Act I, Scene 1 Summary and Analysis

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Last Updated on May 5, 2015, by eNotes Editorial. Word Count: 832

New Characters: Leonato: governor of Messina and father of Hero, a man of manners and hospitality, whose conventionality will be tested by the depth of his grief

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Hero: Leonato's only child, a docile and conventional young woman, honored for her chastity

Beatrice: Leonato's spirited niece, gifted with a brilliant wit and interested in Benedick

Messenger: brings news of Prince Don Pedro's victory and approach to Messina

Don Pedro: prince of Aragon, who victoriously return from battle against his illegitimate brother for his throne; Leonato's guest during his stay in Messina and enjoys matchmaking

Claudio: young count, Don Pedro's courageous right-hand man, who seeks the hand of Hero; a man who relies on his outer senses, will be duped by Don John into shaming Hero

Benedick: quick-witted and spirited young count who, though an avowed misogynist, is attracted to Beatrice

Balthasar: musician, an attendant on Don Pedro

Don John: Don Pedro's malcontented , illegitimate brother who resents Don Pedro and Claudio and will do anything to cross them Much Ado About Nothing

Summary
The scene takes place before Leonato's house. The messenger informs Leonato that victorious Don Pedro, Prince of Aragon, will arrive shortly with his favorite, Lord Claudio of Florence, who performed courageously in battle. Beatrice asks about Lord Benedick of Padua and learns that he has returned a hero. Don Pedro arrives with his valiant lords, Claudio and Benedick, his attendant, Balthasar, and his bastard brother, Don John. Leonato and Don Pedro exchange niceties and Beatrice outspars Benedick in a spirited word-match during which Benedick calls Beatrice "disdainful" and Beatrice calls Benedick a "pernicious suitor." Leonato invites Don Pedro, Claudio, and Benedick to be his guests during their visit. All exit but Benedick and Claudio.

Claudio confesses his attraction to Hero and his desire to marry her if she be modest. Benedick reveals his attraction to Beatrice, "were she not possessed with a fury," and wonders if there is any man who does not fear his wife will be unfaithful. Don Pedro returns and, hearing of Claudio's love for Hero, attests to her chastity and offers to arrange the marriage, by first wooing Hero (disguised as Claudio), then asking Leonato for her hand. And, Benedick professes both his misogyny and his unwillingness to marry.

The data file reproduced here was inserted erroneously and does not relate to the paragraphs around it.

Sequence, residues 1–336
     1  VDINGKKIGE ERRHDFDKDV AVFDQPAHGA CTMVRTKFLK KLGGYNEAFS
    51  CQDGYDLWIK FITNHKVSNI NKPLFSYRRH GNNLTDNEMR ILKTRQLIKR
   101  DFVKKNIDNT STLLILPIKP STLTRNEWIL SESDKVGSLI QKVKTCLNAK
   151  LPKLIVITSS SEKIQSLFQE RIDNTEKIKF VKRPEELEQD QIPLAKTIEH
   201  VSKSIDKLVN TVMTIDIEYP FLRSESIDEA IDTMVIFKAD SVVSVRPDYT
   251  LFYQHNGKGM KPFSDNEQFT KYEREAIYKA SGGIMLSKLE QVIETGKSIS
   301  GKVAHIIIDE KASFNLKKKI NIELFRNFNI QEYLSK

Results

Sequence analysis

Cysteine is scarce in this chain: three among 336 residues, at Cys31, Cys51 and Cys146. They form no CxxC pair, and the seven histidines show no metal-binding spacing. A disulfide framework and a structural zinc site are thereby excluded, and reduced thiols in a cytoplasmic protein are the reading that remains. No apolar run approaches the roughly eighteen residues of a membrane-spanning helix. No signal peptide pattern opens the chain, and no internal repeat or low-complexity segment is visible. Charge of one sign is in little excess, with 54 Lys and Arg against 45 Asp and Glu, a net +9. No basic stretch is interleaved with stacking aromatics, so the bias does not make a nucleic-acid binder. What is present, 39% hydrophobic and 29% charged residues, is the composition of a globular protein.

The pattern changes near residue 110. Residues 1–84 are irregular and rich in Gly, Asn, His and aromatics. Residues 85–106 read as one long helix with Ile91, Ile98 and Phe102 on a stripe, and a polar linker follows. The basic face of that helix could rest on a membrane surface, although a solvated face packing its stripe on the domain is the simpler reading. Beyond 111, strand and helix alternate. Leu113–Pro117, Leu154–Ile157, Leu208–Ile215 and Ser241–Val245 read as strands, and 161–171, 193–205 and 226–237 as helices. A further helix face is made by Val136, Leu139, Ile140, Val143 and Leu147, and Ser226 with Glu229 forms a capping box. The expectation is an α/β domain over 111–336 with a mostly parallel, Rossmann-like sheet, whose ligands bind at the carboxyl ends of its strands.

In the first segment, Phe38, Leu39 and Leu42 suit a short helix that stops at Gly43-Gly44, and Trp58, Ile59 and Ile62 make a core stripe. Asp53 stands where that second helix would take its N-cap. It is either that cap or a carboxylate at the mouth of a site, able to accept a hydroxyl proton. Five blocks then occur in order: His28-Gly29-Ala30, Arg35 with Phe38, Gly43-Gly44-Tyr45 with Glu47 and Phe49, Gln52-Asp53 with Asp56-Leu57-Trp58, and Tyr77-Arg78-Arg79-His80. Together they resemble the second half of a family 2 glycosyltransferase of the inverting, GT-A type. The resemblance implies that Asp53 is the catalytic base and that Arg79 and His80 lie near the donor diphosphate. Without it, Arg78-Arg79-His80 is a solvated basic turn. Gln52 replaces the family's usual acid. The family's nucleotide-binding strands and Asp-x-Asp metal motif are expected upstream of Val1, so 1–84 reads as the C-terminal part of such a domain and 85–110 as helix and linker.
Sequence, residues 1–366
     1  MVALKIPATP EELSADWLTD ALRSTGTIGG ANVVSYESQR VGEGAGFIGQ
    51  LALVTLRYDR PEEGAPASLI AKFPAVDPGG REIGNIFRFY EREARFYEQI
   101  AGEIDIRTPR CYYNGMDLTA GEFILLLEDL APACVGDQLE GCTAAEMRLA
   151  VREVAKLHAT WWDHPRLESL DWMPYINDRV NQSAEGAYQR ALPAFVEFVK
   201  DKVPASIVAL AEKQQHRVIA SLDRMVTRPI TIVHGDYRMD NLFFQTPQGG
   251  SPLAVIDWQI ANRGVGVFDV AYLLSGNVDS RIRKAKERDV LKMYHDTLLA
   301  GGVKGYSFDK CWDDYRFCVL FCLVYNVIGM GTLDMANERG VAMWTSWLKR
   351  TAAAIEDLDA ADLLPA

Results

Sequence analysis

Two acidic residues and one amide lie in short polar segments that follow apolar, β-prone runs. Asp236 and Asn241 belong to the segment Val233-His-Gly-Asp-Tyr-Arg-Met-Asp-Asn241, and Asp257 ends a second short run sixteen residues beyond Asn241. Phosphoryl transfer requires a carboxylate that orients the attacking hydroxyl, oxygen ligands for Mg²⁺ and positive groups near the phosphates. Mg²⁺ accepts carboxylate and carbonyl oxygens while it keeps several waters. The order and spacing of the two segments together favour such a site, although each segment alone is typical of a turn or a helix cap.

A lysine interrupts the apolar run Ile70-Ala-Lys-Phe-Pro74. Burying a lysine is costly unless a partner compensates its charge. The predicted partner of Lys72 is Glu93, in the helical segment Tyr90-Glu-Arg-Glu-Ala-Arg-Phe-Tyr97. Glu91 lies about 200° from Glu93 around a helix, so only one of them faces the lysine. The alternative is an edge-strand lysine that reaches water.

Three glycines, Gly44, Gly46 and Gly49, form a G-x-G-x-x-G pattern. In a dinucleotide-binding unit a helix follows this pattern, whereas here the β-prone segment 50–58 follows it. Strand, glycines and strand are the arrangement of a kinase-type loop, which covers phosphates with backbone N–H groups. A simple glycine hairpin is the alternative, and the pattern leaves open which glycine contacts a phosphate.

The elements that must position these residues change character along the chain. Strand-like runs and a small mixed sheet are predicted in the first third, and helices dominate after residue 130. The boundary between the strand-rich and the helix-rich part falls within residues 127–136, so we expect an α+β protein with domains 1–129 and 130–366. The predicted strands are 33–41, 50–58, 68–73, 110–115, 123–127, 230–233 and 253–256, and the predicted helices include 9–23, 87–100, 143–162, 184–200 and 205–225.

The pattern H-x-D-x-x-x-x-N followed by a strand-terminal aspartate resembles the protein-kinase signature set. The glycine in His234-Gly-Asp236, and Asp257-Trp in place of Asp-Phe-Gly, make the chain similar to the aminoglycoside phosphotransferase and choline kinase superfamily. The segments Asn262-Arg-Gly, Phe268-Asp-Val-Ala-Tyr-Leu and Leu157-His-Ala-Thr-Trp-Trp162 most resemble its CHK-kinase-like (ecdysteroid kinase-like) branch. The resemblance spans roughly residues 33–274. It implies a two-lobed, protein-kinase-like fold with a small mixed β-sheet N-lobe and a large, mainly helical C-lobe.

Analysis
The exposition advises us that all the players are acquainted. Hero immediately recognizes Beatrice's oblique reference to Benedick as "Signor Mountanto," Leonato refers to the longstanding "merry war betwixt Signor Benedick" and Beatrice, and Claudio confesses his attraction to Hero before leaving for the war. This level of intimacy introduces a mimetic realism, much like that in Hamlet-giving credibility to the character's actions and easing their confrontations-that is sustained throughout the play. Approximately 75 percent of the play is written in prose, a style nearer to colloquial speech than verse. Both the prose and the verse sound with the vitality of Shakespeare's musical style.

The mask motif, predominant in this play, is emphasized by Benedick and Beatrice and subtly disguised as clever diatribe in the roles that they assume to hide their obsession with each other. Fashion imagery, a symbol of appearance versus reality, is introduced as Beatrice states that Benedick "wears his faith but as the fashion of his hat" and Benedick calls "courtesy a turncoat." Their wordspar reveals they are memory-locked, but Shakespeare indicates that their relationship will take a turn for the better by the choice of their names-Benedictus means blessed and Beatrice means blesser.

Beatrice's inquiry about Benedick, though well-seasoned with sarcasm, shows her concern about his welfare as she elicits information about whether he returned safely, if he performed well in battle, and the identity of his present associates. Hero's single line in this scene indicates her modest and retiring nature, builds suspense about her character, and subdues interest in her as emphasis is put on Beatrice, who observes everything around her with a relentlessly playful and unrestrained wit. Benedick momentarily lifts his mask to reveal that his misogyny is assumed as a whetstone for his wit, but closes it quickly.

Claudio suspiciously asks Don Pedro if he praises Hero merely "to fetch [him] in" and Don Pedro protests, both lines serving to initiate a symmetrical pattern which Benedick completes with greater force, stridently using musical imagery in his verbal assaults upon the holy state of marriage, creating an ensemble structure with Claudio and Don Pedro playing his willing straight men.

Since marrying an heiress was a young man's best opportunity, Claudio's first question to Don Pedro is, "Hath Leonato any son, my lord?" Don Pedro's plan, to disguise himself as Claudio in order to win Hero for him at the masked ball, renews the mask motif as a well-intentioned deception. This motif sets the stage for the plot, which turns on a series of misunderstandings and deceptions: a quest for honesty and mutual respect as each character learns to discriminate properly and to estimate everything at its true value. This scene is written in prose up to line 272, then continues in verse.

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Preface to the Summary

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Act I, Scene 2 Summary and Analysis

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